... the marvellous versatility of the man. That warm Italian nature, open to every gust of feeling, over which impressions came and went like summer clouds, could turn at a moment's notice from the hand-to-hand grapple of a deadly duel to the lightest and most delicate rapier practice ...
— A History of Roman Literature - From the Earliest Period to the Death of Marcus Aurelius • Charles Thomas Cruttwell

... I would tell about found us just at the edge of the little buttes. Down one of the slopes the growing half light revealed two oryx feeding, magnificent big creatures, with straight rapier horns three feet in length. These were most exciting and desirable, so off my horse I got and began to sneak up on them through the low tufts of grass. They fed quite calmly. I congratulated myself, and slipped nearer. Without ...
— The Land of Footprints • Stewart Edward White

... his court dress? But if he had met her father in the corridor, coming to her after the supper, he would have been unarmed. Her father, on the contrary, being on actual duty, wore the sword of his rank, like any other officer of the guards, and the King wore a rapier as a part of ...
— In The Palace Of The King - A Love Story Of Old Madrid • F. Marion Crawford

... moment, then walked suddenly away, and falling on her uncle's chair, fairly burst out sobbing. Denis was in the acme of embarrassment. He looked round, as if to seek for inspiration, and seeing a stool, plumped down upon it for something to do. There he sat, playing with the guard of his rapier, and wishing himself dead a thousand times over, and buried in the nastiest kitchen-heap in France. His eyes wandered round the apartment, but found nothing to arrest them. There were such wide spaces between the furniture, ...
— New Arabian Nights • Robert Louis Stevenson

... do it! But there is so much that is poor and mean, and base and tricky, in it all,—so much to disgust and tire one,—all the time, day after day, for years. Now if it were only a huge giant that stands in your way, you could out rapier and have at him at once, and there an end,—laid out or triumphant. ...
— What Answer? • Anna E. Dickinson

... second exterminator is, in fact, a Leucopsis (Leucopsis gigas, FAB.), a magnificent insect, stripped black and yellow, with an abdomen rounded at the end and hollowed out, as is also the back, into a groove to contain a long rapier, as slender as a horsehair, which the creature unsheathes and drives through the mortar right into the cell where it proposes to establish its egg. Before occupying ourselves with its capacities as an inoculator, let us learn how its larva ...
— The Mason-bees • J. Henri Fabre

... not vested with the glories of sculpture, nor the mathematical magnitude of architecture. He does not walk a demigod, but a stiff Anglicised imitator of French paces. He is a symmetrical, but a small invisible personage at rapier practice." Now, clever as this is, it only proves that Addison is not a Shakspeare or Milton. He does not pretend to be either. He is no demigod, but he is a man, a lady-man if you will, but the lovelier on that account. Besides, ...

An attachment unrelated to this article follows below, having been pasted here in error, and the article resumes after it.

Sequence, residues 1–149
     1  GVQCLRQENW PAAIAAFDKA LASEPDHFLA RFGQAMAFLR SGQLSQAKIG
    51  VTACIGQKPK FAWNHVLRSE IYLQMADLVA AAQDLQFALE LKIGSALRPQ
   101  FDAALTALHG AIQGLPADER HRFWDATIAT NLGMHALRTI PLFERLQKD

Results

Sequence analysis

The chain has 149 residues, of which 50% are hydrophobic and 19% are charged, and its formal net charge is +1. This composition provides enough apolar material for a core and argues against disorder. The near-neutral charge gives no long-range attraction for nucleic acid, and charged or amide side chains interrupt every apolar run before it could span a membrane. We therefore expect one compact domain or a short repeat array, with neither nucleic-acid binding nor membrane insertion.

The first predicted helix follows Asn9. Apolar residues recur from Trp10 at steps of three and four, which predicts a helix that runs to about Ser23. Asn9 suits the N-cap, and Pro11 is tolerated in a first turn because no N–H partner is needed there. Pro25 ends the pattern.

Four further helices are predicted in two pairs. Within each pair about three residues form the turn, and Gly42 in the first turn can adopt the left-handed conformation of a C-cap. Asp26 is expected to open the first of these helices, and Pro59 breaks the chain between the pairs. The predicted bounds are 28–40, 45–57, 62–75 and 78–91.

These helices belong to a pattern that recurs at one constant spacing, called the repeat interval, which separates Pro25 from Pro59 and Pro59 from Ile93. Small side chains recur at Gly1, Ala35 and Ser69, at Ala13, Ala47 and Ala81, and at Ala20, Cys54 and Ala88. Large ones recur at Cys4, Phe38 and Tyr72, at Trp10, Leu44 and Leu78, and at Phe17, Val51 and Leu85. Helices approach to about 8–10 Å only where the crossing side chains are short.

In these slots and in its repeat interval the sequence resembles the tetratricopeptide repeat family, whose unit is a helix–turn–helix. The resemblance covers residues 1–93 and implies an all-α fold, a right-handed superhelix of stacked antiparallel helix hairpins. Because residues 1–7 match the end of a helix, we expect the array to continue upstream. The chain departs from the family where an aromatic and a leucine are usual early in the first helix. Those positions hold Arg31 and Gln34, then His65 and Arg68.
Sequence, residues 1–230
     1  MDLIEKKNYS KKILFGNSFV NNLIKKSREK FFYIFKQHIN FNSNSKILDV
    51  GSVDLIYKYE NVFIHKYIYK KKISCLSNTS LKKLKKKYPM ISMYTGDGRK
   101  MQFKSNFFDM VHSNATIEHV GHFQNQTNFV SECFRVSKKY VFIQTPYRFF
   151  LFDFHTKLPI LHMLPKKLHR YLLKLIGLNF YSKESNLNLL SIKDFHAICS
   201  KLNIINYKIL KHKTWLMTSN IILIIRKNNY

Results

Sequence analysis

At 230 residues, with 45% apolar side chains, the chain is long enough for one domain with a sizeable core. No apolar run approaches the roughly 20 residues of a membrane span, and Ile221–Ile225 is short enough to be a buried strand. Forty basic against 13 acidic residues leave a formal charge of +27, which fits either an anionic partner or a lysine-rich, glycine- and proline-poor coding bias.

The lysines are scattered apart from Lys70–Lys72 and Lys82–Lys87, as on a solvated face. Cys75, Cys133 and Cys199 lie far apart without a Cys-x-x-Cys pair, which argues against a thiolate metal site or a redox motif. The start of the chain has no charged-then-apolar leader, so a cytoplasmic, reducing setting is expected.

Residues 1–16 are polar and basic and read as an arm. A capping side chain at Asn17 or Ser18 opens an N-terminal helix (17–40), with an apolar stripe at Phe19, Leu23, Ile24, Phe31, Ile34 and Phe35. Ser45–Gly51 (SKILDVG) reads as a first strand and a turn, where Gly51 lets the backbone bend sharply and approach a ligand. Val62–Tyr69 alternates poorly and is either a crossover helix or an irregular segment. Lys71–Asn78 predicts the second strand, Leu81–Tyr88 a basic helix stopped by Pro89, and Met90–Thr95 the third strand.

— The Poetical Works of Addison; Gay's Fables; and Somerville's Chase • Joseph Addison, John Gay, William Sommerville

... except for the sporting articles, should light on the most violent attacks on Christophe. He knew the writer. He went to the cafe where he knew he would meet him, found him, struck him, fought a duel with him, and gave him a nasty scratch on the shoulder with his rapier. Next day, at breakfast, Christophe had a letter from a friend telling him of the affair. He was overcome. He left his breakfast and hurried to see Georges. Georges himself opened the door. Christophe ...
— Jean-Christophe Journey's End • Romain Rolland

... were the features of Mr. Gladstone, I looked upon him with astonishment. For he stood before me with epaulets on his shoulders and a rapier at his side, as military in his aspect as if he had been Lord Wolseley, to whom I was introduced a short time afterwards. I was fortunate enough to see and hear Mr. Gladstone on a still more memorable occasion, and can afford to leave ...
— The Autocrat of the Breakfast-Table • Oliver Wendell Holmes, Sr. (The Physician and Poet not the Jurist)

... the genial laugh of Gay At Pope's defiant ire! How Parnell's sallies brought in play The rapier wit of Prior! And how o'er all the banter's shift— The laughter's fall and swell— Upleaped the great guffaw of Swift, With ...
— The Wit and Humor of America, Volume VIII (of X) • Various

... partly owing to the satisfaction he got out of his clothes. He bought them at second hand—a Spanish cavalier's complete suit, wide-brimmed hat with flowing plumes, lace collar and cuffs, faded velvet doublet and trunks, short cloak hung from the shoulder, funnel-topped buskins, long rapier, and all that—a graceful and picturesque costume, and the Paladin's great frame was the right place to hang it for effect. He wore it when off duty; and when he swaggered by with one hand resting on the hilt of his rapier, ...
— Personal Recollections of Joan of Arc - Volume 1 (of 2) • Mark Twain

... of my room open on purpose, so that he should know I was back there, and ready for him. I took down a long straight blade, like a rapier, with a basket hilt. It was a cumbrous weapon, and with a blunt edge; still, it had a point, and I was ready to thrust and parry against the world. I called upon my foes. No enemy appeared, and by the light ...